Human, all too human
As he releases his new CD of Schubert Piano Sonatas and prepares to take them on the road, 20 years after his last Schubert series, Paul Lewis explains why the composer’s work resonates now more than ever
With Schubert, I started on the dark side. The first sonata I played as a teenager was the A minor D784. It’s one of his pivotal sonatas, written around the time he got his syphilis diagnosis. In the wake of that death sentence, everything became bleak. That’s the core of his message. The change of his style and musical language was immediate and shocking. That was my introduction to Schubert – I didn’t start with the cosy, early music – so he has always been essentially a dark composer for me.
I’ve always been struck by his lack of answers. With Beethoven, there are questions, but he almost always creates some sense of resolution. That’s rarely the case with Schubert. And yet there’s also a sense of hope. For me, that makes him the most human of all composers – especially now, when we don’t have answers to very much.
‘There are so many things going on and the challenge is to control these and achieve the balance you’re looking for’
His music has so many layers of emotion – the surface ones, but many others just beneath that. It’s the same with the piano writing – there are so many things going on and the challenge is to control these and achieve the balance you’re looking for. His writing can be quite awkward and not very pianistic. There’s a famous story that he had his friends round and tried to play the Wanderer Fantasy but broke down, gave up and said, ‘Let the devil play it.’ I don’t think he necessarily had the ability to play to the level of technical difficulty of his music, but I imagine he had a fantastic ability to control levels of pianissimo, with a high level of touch control.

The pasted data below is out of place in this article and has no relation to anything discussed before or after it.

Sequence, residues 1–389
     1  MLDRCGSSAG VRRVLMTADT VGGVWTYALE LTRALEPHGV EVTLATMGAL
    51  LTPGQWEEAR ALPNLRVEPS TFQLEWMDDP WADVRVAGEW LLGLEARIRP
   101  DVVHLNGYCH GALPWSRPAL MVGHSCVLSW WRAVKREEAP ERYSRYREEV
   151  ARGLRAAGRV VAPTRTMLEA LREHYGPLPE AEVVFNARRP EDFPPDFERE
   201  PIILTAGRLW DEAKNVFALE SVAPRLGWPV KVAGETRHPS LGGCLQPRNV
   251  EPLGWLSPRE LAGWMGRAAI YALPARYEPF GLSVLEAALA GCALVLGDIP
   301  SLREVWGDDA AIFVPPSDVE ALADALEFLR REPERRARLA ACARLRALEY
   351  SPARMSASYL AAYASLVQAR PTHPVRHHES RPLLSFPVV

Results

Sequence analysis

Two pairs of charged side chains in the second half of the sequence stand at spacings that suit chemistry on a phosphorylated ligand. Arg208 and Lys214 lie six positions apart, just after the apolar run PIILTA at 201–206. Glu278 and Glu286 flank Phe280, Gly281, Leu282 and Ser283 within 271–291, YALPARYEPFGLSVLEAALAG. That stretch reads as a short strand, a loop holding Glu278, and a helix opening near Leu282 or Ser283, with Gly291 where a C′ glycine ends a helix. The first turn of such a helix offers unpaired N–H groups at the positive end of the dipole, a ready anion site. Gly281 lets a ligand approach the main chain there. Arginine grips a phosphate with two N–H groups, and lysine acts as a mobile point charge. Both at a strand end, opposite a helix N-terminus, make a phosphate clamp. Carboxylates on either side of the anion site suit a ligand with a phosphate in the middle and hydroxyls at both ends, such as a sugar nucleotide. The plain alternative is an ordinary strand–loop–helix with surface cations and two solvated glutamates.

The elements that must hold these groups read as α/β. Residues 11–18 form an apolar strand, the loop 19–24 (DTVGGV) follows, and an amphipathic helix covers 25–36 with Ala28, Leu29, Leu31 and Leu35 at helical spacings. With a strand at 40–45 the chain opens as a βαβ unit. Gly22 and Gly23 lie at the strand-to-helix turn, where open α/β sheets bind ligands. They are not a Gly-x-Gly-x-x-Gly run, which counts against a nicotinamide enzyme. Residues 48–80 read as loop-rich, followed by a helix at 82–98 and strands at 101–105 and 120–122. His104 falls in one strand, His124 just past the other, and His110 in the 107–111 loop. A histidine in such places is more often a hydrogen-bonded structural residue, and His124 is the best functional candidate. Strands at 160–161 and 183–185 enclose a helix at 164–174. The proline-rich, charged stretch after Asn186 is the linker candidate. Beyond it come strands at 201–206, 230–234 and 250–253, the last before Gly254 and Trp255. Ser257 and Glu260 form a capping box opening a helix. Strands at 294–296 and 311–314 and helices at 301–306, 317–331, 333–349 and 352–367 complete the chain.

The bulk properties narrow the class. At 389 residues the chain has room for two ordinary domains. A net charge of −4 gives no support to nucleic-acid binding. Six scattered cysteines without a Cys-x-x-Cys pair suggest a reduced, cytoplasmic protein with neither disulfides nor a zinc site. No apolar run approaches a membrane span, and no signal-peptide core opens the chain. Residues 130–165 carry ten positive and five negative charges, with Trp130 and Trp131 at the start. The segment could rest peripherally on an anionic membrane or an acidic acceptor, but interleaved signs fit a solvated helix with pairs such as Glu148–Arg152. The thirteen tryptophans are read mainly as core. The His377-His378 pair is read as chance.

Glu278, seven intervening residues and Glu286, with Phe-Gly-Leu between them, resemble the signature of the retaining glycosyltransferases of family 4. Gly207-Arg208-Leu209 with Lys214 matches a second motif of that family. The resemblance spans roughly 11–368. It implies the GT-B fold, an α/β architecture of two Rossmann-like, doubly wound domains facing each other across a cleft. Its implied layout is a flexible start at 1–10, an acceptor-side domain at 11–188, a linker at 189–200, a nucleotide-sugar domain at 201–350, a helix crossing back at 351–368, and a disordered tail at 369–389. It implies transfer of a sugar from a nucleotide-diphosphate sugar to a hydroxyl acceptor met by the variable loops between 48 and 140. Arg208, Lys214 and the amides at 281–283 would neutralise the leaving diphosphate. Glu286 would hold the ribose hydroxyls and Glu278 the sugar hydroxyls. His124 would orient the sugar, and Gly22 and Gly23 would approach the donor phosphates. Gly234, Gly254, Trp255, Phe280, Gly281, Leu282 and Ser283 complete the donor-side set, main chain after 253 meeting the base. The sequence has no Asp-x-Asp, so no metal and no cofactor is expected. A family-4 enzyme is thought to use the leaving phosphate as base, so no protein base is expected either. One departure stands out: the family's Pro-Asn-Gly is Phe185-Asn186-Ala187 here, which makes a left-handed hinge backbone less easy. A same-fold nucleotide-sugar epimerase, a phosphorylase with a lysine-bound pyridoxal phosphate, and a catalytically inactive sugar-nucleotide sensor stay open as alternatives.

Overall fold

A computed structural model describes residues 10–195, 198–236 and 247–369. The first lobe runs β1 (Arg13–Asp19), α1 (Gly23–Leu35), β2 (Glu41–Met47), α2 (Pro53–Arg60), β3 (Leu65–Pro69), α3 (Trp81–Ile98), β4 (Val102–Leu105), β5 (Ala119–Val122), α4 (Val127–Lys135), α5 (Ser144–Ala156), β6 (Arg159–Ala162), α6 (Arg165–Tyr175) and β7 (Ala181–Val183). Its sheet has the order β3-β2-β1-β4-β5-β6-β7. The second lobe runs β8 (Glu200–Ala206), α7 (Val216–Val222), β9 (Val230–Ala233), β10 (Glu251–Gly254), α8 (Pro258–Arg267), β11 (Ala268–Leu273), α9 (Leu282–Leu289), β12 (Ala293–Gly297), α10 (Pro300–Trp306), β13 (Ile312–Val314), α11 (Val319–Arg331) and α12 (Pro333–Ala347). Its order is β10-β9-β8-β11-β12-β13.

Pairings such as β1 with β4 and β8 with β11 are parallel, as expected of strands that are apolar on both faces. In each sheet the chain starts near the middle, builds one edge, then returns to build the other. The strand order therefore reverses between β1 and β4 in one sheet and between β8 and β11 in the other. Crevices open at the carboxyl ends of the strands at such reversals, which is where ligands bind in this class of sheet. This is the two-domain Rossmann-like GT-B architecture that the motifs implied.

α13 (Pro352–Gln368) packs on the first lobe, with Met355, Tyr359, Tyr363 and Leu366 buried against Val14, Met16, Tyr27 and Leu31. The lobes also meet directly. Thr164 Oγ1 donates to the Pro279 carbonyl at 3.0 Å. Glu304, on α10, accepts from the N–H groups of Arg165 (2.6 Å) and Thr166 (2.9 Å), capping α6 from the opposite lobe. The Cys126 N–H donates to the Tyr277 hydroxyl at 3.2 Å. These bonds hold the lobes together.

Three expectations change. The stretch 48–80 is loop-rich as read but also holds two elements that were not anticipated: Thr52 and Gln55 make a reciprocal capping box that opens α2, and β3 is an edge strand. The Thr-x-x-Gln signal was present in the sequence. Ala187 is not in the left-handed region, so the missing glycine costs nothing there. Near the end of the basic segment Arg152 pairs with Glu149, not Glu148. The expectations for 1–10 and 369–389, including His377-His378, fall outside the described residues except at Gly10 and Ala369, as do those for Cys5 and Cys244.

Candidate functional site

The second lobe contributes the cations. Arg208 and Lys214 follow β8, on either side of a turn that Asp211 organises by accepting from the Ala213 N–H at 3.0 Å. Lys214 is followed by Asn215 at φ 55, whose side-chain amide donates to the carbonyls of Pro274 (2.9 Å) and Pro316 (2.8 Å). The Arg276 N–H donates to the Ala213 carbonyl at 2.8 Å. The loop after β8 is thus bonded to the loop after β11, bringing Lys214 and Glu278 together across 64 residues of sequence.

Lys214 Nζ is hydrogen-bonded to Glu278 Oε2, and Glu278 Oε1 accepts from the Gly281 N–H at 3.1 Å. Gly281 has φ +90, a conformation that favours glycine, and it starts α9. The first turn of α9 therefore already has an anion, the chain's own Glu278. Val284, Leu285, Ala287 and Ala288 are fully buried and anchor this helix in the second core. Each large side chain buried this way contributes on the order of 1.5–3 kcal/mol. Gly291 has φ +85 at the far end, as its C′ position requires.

With Schubert, more than with any other composer, the condition of the piano is crucial. You need an instrument that will help you play infinite levels of pianissimo. You want to go down to an almost imperceptible volume, but to keep the core of the sound – a whisper that somehow gets to the back of the hall. It’s difficult to achieve that with a piano that’s set up to be powerful and bright, for playing Rachmaninoff in a 3,000-seat hall. You need something more subtle, with an even left pedal voicing that allows you to play incredibly softly, without skating on the surface of the keys. You have to play into the keys, pressing them down very slowly but with the notes still sounding. That depends on how the action has been set up. For my recording I used a Steinway Model D in Flagey, and Thomas Hübsch, the Berlin Philharmonie’s piano technician, spent a day working on it.
‘You’re dealing with tiny gradations of sound, colour and character, but they’re so significant. They set up the whole character of a piece’
Alfred Brendel was a huge influence in my understanding of Schubert. When I played to him in the 1990s, he opened new doors in terms of how to think about this music. His lessons are still vivid, even at this point. I’m not sure how much I took on board immediately, but these things take time to process and to translate into your own musical thinking and language. I remember playing him the G major Sonata D894. We spent a lot of time balancing the opening – you can do that endlessly, balancing the chords, colouring each individual voice. You’re dealing with tiny gradations of sound, colour and character, but they’re so significant. They set up the whole character of a piece.
The sonatas on this CD are all earlyish works. The A minor D537 is a precursor to the later A minor sonatas. It doesn’t have the sense of distress or bleakness or even anger of those, but all the ingredients are there. It’s interesting that the slow movement theme is the same he uses in the last movement of the great A major D959. Obviously, this was a theme that meant something to him. It has the sense of intimacy and introspection that you instantly recognise as being Schubert. It’s hard to define what that is, though – maybe it’s a sense that it doesn’t project itself out to you but draws you in.